Malaysiakini Letter

Be fair to TAR UC and UTAR

T K Chua  |  Published:  | 

LETTER | It is true Tunku Abdul Rahman University College (TAR UC) and Universiti Tunku Abdul Rahman (UTAR) have contributed quite substantially to education in this country. If not for the opportunity provided, especially during the initial years, many students, especially the non-Malays, would have nowhere to go.

The courses provided such as professional accountancy and building management were most relevant that provided the much-needed manpower for the country.

These two institutions were not the most glamorous when compared with other universities/colleges but they have done their job reasonably well based on tight budget and in terms of quality of students produced. Tuition fees imposed are substantially lower when compared with other private universities.

The present predicament of TAR UC and UTAR is their association with MCA, the coalition partner of ruling BN before the government changed hand. My question is: is it fair to punish these two institutions immediately without giving them sufficient leeway for adjustment?

It is a historical fact that TAR UC and UTAR were initiated and promoted by MCA at the time when tertiary education opportunities were lacking in the country. These institutions have provided the lifeline to many students, especially those from smaller towns and poorer families.

Speaking as a layperson, I don’t think MCA has gained politically and financially from TAR UC and UTAR. These are essentially non-profit educational institutions serving all Malaysians, not just MCA members or its leaders.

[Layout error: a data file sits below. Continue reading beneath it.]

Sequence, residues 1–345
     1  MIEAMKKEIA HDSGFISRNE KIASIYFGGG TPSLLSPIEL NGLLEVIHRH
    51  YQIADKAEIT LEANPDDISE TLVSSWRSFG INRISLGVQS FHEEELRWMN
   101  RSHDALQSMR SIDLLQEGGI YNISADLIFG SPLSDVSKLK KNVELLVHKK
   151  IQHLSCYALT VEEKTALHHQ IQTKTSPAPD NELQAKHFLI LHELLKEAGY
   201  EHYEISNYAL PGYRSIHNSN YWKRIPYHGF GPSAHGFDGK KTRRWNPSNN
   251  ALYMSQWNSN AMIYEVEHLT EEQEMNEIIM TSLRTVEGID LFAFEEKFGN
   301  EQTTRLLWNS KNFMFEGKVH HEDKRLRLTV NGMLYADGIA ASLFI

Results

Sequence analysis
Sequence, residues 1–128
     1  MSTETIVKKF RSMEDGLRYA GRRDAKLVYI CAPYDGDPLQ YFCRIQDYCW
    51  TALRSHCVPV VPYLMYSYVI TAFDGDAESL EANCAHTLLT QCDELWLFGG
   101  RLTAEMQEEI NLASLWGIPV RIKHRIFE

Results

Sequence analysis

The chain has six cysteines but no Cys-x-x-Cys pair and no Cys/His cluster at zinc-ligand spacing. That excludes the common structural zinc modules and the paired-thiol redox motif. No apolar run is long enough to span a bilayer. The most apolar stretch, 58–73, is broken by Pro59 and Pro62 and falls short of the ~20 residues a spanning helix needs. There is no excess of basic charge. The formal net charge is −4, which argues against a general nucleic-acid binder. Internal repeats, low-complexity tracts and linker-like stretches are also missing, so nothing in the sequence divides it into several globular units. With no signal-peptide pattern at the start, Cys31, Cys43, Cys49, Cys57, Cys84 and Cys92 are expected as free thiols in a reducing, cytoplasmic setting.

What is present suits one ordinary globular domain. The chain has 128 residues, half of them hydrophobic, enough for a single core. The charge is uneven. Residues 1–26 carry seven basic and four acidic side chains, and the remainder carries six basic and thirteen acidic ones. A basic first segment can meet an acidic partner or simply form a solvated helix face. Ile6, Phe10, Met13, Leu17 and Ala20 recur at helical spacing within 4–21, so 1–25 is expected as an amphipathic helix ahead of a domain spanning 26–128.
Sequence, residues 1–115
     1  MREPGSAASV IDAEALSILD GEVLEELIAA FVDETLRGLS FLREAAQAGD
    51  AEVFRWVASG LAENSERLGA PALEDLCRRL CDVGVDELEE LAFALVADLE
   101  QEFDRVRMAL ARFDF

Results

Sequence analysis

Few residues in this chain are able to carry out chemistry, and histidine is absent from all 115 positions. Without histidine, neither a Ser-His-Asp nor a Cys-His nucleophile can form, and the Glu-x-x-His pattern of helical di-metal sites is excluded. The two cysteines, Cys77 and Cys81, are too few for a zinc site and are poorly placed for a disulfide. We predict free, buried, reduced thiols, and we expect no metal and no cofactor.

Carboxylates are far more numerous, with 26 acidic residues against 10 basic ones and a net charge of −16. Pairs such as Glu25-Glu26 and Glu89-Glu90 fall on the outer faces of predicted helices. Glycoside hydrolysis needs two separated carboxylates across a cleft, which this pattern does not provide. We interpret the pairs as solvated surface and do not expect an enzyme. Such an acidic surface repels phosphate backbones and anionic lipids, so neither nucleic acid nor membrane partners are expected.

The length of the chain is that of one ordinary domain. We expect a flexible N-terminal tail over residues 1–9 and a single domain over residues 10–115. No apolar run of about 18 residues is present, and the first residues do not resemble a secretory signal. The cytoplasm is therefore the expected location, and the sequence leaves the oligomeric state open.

I would prefer the new government give MCA and these two institutions more time to adjust to the new reality. To instantaneously withdraw the matching grant is unfair and draconian.

How does MCA decouple itself from TAR UC and UTAR immediately? Who shall MCA divest the institutions to? Would the new owner of TAR UC and UTAR be running these institutions on a “non-profit” basis? Which billionaire/corporation would be willing to do this on the continual basis? Would the new government be willing to buy over these two institutions?

Sometimes I think we like to carry an argument to a ridiculous level. Why can’t a political party get involved in education or any other social or economic programmes? In this regard, I fully support the idea to set up a cooperative within PKR to help and empower its members financially.

The concern about abuse is not always due to political parties controlling these programmes. It is poor governance, corruption and putting wrong people on the job.

If the new government is concerned with MCA controlling TAR UC and UTAR, I think there are better ways to handle this than just by cutting their budget allocation immediately.

These two institutions can be allowed to operate independently with minimal interference from MCA and with proper safeguards and audit. I do not see how ownership is so important here.

P/S: Maybe it is better for me to declare my “vested interest” here. I once studied in TARC for a year at a borrowed premises in a school in Cheras.

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